"In Dutro v. Ladd, 50 Or. 120, 91 P. 459, this court held that the requirement of the last sentence of ORS 12.030, `But such an attempt shall be followed by the first publication of the summons, or the service thereof, within sixty days', means sixty days from the filing of the complaint and that where more than sixty days elapsed after the filing of the complaint before summons was served on the defendant or publication of summons commenced and the statutory time had meanwhile run, the action was barred. This decision has stood unchallenged for nearly sixty years and the construction there given the statutes is, we think, undoubtedly correct."
In the case at bar the two years from the accrual of the cause of action ended on June 8, 1964. The complaint was filed on June 2nd and the sixty days allowed by ORS 12.030 ended on August 1, 1964. The basic question posed is whether, during the extension of the statute from June 8th to August 1, 1964, plaintiff was limited to serving the original summons or whether he could at any time during the extended period issue and serve such additional summonses as might be necessary to effect a valid service.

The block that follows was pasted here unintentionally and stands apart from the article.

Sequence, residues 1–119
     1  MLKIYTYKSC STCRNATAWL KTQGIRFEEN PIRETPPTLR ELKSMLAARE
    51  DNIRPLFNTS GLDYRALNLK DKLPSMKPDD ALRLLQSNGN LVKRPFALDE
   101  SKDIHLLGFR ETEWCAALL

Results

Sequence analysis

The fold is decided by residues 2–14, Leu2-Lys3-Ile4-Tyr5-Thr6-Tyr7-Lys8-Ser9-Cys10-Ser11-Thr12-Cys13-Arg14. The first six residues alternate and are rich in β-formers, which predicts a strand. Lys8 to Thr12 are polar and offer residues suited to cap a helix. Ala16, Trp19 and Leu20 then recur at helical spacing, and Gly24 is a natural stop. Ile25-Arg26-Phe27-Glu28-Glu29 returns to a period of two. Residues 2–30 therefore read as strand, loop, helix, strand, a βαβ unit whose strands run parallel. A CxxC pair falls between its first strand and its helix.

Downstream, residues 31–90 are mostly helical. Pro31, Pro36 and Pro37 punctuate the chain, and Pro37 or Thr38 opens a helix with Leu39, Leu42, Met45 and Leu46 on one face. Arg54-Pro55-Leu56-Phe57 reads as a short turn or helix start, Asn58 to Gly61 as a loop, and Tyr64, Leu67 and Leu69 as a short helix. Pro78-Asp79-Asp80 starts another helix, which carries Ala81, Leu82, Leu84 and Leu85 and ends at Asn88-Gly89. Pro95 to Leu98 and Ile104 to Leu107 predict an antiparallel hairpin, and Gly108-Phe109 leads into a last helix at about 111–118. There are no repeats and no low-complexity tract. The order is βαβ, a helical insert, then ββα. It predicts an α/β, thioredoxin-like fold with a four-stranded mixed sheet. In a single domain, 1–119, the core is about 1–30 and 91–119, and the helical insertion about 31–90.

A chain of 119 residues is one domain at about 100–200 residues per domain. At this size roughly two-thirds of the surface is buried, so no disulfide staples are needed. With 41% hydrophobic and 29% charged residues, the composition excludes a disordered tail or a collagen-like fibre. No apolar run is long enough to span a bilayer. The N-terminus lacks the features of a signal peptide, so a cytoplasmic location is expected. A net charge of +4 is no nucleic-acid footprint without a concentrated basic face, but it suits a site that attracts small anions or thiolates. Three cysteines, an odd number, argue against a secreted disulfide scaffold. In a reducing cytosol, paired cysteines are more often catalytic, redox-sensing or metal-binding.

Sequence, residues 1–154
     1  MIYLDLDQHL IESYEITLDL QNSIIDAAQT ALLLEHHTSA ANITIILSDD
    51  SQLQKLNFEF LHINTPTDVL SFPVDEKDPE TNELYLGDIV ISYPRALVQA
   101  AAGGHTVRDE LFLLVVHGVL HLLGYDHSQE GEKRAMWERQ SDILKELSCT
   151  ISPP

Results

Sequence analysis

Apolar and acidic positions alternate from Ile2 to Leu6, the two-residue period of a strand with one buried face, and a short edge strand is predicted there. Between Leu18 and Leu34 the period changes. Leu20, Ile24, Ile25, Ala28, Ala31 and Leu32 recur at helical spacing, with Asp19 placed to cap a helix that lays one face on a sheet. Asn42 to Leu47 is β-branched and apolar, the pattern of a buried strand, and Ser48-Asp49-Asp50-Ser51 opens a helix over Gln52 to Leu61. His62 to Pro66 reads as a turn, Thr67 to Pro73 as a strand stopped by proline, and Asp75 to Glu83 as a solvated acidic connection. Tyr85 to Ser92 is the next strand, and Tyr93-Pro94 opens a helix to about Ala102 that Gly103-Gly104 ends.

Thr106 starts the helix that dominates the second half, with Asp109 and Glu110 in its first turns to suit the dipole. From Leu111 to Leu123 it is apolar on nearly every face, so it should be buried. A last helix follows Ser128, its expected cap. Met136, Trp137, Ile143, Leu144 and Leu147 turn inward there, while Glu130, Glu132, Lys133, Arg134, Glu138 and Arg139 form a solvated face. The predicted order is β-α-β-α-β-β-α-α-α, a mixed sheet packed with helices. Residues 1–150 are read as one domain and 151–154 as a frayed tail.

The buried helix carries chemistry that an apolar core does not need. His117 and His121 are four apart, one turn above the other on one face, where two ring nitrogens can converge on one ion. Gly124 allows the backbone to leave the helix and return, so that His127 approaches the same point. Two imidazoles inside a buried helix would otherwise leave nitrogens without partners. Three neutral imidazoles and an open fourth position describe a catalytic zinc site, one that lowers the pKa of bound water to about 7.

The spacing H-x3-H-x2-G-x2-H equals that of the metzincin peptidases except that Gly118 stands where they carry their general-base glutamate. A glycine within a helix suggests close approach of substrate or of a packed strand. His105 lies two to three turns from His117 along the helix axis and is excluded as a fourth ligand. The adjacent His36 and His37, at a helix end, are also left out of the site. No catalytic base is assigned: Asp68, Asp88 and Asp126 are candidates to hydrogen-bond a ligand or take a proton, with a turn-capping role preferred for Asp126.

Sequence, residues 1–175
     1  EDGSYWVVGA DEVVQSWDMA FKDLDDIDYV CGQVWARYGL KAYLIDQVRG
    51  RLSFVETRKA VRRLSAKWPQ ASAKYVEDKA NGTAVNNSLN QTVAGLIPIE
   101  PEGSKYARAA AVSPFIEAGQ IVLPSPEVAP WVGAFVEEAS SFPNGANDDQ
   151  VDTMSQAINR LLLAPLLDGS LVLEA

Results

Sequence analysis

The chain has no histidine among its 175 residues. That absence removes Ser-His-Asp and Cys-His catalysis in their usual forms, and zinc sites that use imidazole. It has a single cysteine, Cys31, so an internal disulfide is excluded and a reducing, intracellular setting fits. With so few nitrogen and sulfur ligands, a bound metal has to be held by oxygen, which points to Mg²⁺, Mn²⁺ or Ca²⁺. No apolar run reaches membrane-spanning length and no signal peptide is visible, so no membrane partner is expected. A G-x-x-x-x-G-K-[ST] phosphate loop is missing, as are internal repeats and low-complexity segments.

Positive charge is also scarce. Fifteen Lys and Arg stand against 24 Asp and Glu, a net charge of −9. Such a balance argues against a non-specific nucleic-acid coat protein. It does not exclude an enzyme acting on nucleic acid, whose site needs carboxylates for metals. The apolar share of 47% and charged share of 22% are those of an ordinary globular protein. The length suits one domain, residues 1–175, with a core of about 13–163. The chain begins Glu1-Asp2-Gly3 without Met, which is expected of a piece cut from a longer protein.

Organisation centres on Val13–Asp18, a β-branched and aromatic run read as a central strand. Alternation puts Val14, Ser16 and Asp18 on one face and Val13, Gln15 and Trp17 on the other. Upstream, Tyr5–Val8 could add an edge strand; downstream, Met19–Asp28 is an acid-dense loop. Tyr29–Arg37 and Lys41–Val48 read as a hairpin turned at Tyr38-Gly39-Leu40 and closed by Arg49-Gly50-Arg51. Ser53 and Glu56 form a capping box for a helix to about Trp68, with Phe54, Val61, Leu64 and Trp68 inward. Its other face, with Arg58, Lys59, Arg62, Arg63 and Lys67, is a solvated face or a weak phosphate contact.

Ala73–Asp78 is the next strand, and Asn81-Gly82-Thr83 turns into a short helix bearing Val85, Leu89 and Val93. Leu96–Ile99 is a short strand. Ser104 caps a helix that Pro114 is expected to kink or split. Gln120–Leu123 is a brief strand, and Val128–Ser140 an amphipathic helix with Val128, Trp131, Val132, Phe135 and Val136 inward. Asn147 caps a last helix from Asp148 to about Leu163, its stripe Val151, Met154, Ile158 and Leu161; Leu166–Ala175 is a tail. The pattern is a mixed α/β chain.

ORS 12.030 can be construed literally to mean that the only summons which can be served within the sixty-day period is the summons delivered to the sheriff to mark the commencement of the action. We doubt, however, that the statute was intended to have such a restricted meaning. We are persuaded to this conclusion primarily by the history and apparent purpose of the statute.
ORS 12.030 was first enacted in Oregon in 1854. The Statutes of Oregon, 1854, § 13, p 172. Since our statute was taken verbatim from the New York Code the reason for its enactment in New York is important.
In a frontispiece entitled "ADVERTISEMENT" appearing in the Statutes of Oregon, 1854, the following appears:
"That part of the Oregon Statutes relating to the manner of commencing and prosecuting actions at law, are taken, word for word, from the New York Code."